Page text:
Rise of the Footsoldier 3 – Review

Everyone likes to watch a film where they don’t have to think once in a while. A simple action flick or rom-com that occupies your mind for long enough to forget about that important thing that you desperately need to do, but are putting off. Although, whilst watching such cinema, you would hope there was a point to what you are witnessing.

Sadly, for Rise of the Footsoldier 3, (yes, you did hear me correctly – the third one!) this seems to completely miss the mark and become wrapped up in drugs, prostitutes and thinking it is acceptable to act like an utter fool for your entire life. Directed by Zackary Alder; the man who gave us The Rise of the Krays and The Fall of the Krays it doesn’t take a rocket scientist to know exactly where this one is going. Subtitled The Pat Tate Story, this prequel gets straight stuck in to the notorious gangster’s rise in the criminal underworld of Essex.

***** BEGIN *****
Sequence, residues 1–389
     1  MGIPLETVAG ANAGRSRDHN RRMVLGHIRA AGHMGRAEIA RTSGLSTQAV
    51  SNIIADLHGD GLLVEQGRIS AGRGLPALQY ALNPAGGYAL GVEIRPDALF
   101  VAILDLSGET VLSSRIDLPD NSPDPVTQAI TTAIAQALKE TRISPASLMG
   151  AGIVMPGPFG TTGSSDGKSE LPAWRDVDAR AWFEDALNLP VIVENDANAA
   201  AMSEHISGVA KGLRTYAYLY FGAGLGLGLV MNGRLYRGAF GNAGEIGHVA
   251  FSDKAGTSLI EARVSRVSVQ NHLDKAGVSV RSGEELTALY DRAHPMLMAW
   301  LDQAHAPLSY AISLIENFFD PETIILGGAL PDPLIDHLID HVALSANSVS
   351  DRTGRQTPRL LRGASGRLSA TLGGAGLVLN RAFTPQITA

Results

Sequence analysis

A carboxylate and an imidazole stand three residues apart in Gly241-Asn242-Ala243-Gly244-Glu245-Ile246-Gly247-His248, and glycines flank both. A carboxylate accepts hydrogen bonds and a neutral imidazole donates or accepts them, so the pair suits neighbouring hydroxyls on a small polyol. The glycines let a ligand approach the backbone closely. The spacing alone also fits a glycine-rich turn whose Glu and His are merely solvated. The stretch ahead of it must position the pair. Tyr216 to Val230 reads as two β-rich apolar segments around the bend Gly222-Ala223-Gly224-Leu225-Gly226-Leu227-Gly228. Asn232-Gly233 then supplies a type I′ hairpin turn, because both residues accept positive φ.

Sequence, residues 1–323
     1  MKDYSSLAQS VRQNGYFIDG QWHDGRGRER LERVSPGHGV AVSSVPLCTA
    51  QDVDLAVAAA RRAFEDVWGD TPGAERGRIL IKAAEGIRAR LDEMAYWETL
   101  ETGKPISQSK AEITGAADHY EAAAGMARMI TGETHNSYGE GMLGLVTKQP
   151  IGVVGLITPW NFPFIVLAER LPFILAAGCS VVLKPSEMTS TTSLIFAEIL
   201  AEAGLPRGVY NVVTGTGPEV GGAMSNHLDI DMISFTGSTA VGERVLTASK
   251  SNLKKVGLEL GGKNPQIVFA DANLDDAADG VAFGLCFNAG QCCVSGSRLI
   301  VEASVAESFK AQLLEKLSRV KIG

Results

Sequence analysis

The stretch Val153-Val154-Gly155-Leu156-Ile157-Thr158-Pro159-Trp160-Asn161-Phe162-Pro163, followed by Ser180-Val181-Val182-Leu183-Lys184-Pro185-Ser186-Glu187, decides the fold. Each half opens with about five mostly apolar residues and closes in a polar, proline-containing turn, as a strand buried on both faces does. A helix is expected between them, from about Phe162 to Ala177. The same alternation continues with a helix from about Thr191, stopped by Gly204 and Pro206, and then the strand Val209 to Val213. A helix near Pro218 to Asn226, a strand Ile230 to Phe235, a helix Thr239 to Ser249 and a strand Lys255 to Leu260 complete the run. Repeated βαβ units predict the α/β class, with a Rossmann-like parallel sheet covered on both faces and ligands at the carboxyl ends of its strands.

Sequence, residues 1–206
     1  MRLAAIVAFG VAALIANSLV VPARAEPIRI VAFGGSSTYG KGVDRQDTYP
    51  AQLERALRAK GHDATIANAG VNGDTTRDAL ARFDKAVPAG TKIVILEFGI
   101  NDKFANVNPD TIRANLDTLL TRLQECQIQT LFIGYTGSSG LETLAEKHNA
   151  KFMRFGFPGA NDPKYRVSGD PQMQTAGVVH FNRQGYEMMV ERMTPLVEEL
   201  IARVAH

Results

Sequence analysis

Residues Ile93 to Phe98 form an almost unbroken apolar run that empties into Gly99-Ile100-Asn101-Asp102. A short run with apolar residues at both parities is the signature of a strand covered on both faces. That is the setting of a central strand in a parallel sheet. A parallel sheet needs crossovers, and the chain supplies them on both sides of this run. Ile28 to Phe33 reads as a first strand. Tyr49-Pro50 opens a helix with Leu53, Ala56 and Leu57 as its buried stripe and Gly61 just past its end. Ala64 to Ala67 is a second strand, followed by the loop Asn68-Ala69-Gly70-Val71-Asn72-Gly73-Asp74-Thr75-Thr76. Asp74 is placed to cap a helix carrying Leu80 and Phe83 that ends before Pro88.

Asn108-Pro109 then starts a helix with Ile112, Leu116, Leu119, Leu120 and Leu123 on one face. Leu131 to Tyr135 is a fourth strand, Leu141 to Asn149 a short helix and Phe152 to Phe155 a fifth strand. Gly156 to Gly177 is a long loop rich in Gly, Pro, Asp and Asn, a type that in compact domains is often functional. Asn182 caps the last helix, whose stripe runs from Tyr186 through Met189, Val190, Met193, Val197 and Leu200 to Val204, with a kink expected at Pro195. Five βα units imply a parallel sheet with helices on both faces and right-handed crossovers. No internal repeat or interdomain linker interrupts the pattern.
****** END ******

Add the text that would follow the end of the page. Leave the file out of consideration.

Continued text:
If memory serves us best, Pat isn’t one for pleasantries but arguably gets the job done – not to say that brutally vicious violence is the way to get what you want, but it seems to work for Pat and his crew. Craig Fairbrass is back, channeling an immense amount of aggression as Tate, alongside reappearing characters Tony Tucker (Terry Stone) and Roland Manookian as Craig Rolfe, who will never escape the title of Zeberdee in Nick Loves Football Factory – except the long hair here really doesn’t do the man justice. Jamie Foreman holds his own here as the hardcore, yet level headed Sam providing a familiar TV drama face and just might be the only person who can remotely act.